TODAY’S ACTION POINT:  God’s promise to me is that He forgives; with His help I will forgive and practice tenderhearted mercy and kindness to others, with the prayer that I may be more and more conformed to the image of my Lord.

 

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Max Lucado – God’s Love is Unfailing

 

Listen to Today’s Devotion

God loves you. Personally. Powerfully. Passionately! God loves you with an unfailing love. And his love—if you let it—can fill you and leave you with a love worth giving!

Could it be that the first step of love is not toward them but toward him? Could it be that the secret to loving is receiving? You give love by first receiving it. “We love, because he first loved us” (1 John 4:19 NASB). Long to be more loving? Begin by accepting your place as a dearly loved child. “Be imitators of God, therefore, as dearly loved children and live a life of love, just as Christ loved us” (Ephesians 5:1-2 NIV).

We need help from an outside source. A transfusion. Would we love as God loves? Then we start by receiving God’s love.

Read more A Love Worth Giving

For more inspirational messages please visit Max Lucado.

http://www.maxlucado.com

Denison Forum – Deadly caterpillars have invaded London

London is a world-class city. Its history and pageantry are combined with its status as a global financial center. It’s not surprising that more than forty-two million tourists are expected to visit the city this year.

But if you’re planning a visit this summer, avoid the caterpillars.

A particular breed (technically the larval stage of the oak processionary moth) has been deemed toxic by authorities at the UK’s Forestry Commission. The caterpillar’s sixty-two thousand hairs seem to trigger severe allergic reactions in humans. They can cause skin rash, difficulty in breathing, and even death by anaphylactic shock.

Here’s my question: if you have no plans to visit London, what about this story caused you to read it?

A second item in the news: doctors have identified five habits that could help you live a decade longer.

A new study names the five: never smoke, maintain a healthy body-mass index, keep up moderate to vigorous exercise, don’t drink too much alcohol, and eat a healthy diet. Adhering to these five lifestyle factors at age fifty, compared with not adhering to any of them, was associated with fourteen additional years of life for women and 12.2 added years for men.

Once again, what about this story caused you to read it?

What’s wrong with fear

I recently read Hans Rosling’s Factfulness: Ten Reasons We’re Wrong About the World—and Why Things Are Better Than You Think. Bill Gates calls it “one of the most important books I’ve ever read.” I can see why.

One reason we’re “wrong about the world,” according to Rosling, is that we’re afraid of it. He notes that fears of physical harm, captivity, and contamination by invisible substances that can poison or infect us are “hard-wired deep in our brains.”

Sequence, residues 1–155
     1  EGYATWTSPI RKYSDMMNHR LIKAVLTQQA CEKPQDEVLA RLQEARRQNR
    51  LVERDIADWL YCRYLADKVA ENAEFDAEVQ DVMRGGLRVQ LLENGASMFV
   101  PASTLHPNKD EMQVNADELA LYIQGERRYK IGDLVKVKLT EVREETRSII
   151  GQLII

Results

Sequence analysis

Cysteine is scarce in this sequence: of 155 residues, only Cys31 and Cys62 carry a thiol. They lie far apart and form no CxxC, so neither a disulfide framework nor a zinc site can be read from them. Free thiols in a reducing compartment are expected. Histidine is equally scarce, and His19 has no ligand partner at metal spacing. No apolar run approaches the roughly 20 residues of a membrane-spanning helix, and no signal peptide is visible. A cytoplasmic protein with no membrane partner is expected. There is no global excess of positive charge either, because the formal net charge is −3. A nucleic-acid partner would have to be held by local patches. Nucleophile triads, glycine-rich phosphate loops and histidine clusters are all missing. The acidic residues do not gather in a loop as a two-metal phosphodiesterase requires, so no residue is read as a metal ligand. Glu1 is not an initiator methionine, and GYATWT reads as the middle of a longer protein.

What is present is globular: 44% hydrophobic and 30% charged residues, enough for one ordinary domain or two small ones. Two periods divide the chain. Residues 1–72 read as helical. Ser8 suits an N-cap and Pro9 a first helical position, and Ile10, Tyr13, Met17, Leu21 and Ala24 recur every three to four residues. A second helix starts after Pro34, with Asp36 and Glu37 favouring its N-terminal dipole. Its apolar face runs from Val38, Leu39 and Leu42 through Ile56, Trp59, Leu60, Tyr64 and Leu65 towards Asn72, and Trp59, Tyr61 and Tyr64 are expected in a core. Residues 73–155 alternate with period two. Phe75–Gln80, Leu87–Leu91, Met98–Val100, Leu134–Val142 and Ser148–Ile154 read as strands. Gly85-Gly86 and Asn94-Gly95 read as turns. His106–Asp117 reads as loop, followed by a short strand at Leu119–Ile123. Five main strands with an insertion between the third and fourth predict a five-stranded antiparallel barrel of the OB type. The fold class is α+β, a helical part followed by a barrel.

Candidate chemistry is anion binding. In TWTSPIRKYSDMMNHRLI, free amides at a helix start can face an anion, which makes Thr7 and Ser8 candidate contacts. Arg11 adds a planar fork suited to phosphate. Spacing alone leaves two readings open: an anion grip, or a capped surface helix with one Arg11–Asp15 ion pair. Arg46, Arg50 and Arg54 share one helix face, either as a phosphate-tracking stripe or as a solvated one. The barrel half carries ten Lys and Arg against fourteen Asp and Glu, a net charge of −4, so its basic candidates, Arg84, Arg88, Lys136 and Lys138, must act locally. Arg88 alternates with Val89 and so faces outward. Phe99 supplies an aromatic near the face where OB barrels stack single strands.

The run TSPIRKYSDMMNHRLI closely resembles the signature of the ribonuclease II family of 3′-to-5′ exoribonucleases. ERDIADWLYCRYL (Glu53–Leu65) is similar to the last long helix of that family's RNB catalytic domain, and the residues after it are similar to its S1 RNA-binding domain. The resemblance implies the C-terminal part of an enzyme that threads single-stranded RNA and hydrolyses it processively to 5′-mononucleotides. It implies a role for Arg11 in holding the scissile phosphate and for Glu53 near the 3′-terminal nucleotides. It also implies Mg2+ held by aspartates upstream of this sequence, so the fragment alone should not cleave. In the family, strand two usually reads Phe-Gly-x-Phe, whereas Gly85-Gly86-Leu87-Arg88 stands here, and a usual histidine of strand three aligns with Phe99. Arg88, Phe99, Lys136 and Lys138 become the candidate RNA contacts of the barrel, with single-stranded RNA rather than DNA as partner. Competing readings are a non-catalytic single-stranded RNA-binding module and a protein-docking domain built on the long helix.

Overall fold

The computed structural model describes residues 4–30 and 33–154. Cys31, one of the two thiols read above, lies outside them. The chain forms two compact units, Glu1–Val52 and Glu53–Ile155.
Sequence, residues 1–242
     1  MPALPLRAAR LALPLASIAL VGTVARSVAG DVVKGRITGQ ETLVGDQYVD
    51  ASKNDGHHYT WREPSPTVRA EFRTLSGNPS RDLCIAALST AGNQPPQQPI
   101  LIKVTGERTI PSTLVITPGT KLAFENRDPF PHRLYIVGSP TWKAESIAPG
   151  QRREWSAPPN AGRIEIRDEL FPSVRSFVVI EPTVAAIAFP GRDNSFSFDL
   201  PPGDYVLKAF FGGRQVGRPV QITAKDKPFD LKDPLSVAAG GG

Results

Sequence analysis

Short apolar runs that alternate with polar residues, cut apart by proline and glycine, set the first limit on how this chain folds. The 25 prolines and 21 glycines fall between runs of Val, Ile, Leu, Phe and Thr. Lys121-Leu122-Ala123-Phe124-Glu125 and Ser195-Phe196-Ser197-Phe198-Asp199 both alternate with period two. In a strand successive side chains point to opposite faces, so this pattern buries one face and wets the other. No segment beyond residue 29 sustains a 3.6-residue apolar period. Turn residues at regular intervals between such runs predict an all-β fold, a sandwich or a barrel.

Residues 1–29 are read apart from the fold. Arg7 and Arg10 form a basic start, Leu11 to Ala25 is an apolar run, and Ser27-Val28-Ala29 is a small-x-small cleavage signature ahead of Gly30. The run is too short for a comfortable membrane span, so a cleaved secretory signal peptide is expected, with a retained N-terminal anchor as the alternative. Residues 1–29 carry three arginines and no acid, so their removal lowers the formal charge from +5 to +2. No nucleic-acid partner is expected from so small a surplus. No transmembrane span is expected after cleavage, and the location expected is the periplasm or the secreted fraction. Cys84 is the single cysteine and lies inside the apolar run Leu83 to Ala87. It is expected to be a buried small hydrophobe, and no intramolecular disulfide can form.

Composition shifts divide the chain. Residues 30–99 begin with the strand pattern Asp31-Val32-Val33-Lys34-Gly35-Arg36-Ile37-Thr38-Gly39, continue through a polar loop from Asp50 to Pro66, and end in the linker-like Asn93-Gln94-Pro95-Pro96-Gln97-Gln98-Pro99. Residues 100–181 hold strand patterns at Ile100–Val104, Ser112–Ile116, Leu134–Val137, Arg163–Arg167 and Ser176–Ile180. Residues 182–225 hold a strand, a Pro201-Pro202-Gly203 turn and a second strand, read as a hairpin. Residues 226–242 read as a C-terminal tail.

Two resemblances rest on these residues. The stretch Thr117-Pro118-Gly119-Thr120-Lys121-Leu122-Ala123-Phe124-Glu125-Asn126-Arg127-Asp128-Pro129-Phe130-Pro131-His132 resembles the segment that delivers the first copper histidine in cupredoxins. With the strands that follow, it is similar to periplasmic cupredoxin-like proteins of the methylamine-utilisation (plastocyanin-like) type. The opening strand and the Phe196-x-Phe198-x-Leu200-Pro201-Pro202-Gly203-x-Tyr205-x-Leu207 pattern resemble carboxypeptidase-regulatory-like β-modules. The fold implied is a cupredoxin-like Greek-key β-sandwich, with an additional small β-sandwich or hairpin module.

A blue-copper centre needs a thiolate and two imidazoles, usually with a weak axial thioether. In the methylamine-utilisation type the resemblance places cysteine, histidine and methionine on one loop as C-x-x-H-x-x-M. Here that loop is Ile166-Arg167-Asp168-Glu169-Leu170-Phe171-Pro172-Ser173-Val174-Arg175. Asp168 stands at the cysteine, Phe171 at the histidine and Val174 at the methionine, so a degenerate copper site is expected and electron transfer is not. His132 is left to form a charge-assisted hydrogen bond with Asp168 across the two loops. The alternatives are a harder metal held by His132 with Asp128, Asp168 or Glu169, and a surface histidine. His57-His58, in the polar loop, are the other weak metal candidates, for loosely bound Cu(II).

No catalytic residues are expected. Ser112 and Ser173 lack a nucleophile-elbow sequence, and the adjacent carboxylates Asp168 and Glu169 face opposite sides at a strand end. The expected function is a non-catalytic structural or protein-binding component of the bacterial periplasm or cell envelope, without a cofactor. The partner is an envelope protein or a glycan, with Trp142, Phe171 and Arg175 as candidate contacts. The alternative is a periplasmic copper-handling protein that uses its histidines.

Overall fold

In our media-saturated day, one very effective way for a news outlet to get our attention is to tell us stories that stoke such fears. Stories on declining malaria rates or mild weather won’t get past our filters. Stories on earthquakes, wars, disease, fire, flood, sharks, and terror attacks will.

As a result, we are inundated with news that focuses on things we fear. For instance, deadly caterpillars and ways to prevent death made it past your attention filter in today’s Daily Article.

As a result, many of us are wrong about much of the good news in the world.

An example: Rosling asks how the number of deaths per year from natural disasters has changed over the last hundred years: (A) more than doubled; (B) remained about the same; or (C) decreased to less than half. What did you answer?

The correct response was (C). In fact, the number of deaths from acts of nature is 25 percent of what it was one hundred years ago.

Rosling’s point is not that the world is not still a dangerous place. His point is that we have been conditioned by fear to miss the good news for the bad news. And to focus our fear on the wrong subjects.

A lesson from the “Avengers”

I saw the latest Avengers movie over the weekend. I’ve only seen a few of the nineteen that have been made, which makes those I see more confusing than enlightening. I did understand at least this part of the newest film in the series: the heroes are trying to keep the villain from annihilating half of the population in the universe.

This seems a worthy aim. Imagine playing a role in saving so many lives from death.

As I watched the film, however, I could not help thinking about the spiritual death awaiting every person who has not received God’s gift of eternal life in Christ. Of course, there was no fear of such damnation mentioned in the movie.

In Hollywood, people either live or they die. In real life, people either live eternally or they die eternally (Revelation 20:14–15). But we’re so focused on physical fears that we can overlook spiritual fears.

Jesus said, “Do not fear those who can kill the body but cannot kill the soul. Rather, fear him who can destroy both soul and body in hell” (Matthew 10:28). This fear should cause us to share Christ with lost people, no matter the risk to ourselves. The worst that can happen to us cannot compare with the worst that can happen to them.

“I don’t respect people who don’t proselytize”

You may know the name Penn Jillette, a famous magician and outspoken atheist. Some years ago, he made a YouTube video about a businessman who gave him a Bible. We might expect Jillette to castigate the man for “proselytizing.”

Actually, the opposite is true: “He was really kind and nice and sane and looked me in the eyes and talked to me and then gave me this Bible. And I’ve always said that I don’t respect people who don’t proselytize. I don’t respect that at all.”

Jillette explained: “If you believe that there’s a heaven and hell and people could be going to hell or not getting eternal life or whatever, and you think that it’s not really worth telling them because it would make it socially awkward . . . How much do you have to hate someone to believe that everlasting life is possible and not tell them that?” He added, “That was a really good man who gave me that book.”

What will you tell the Penn Jillettes you meet today?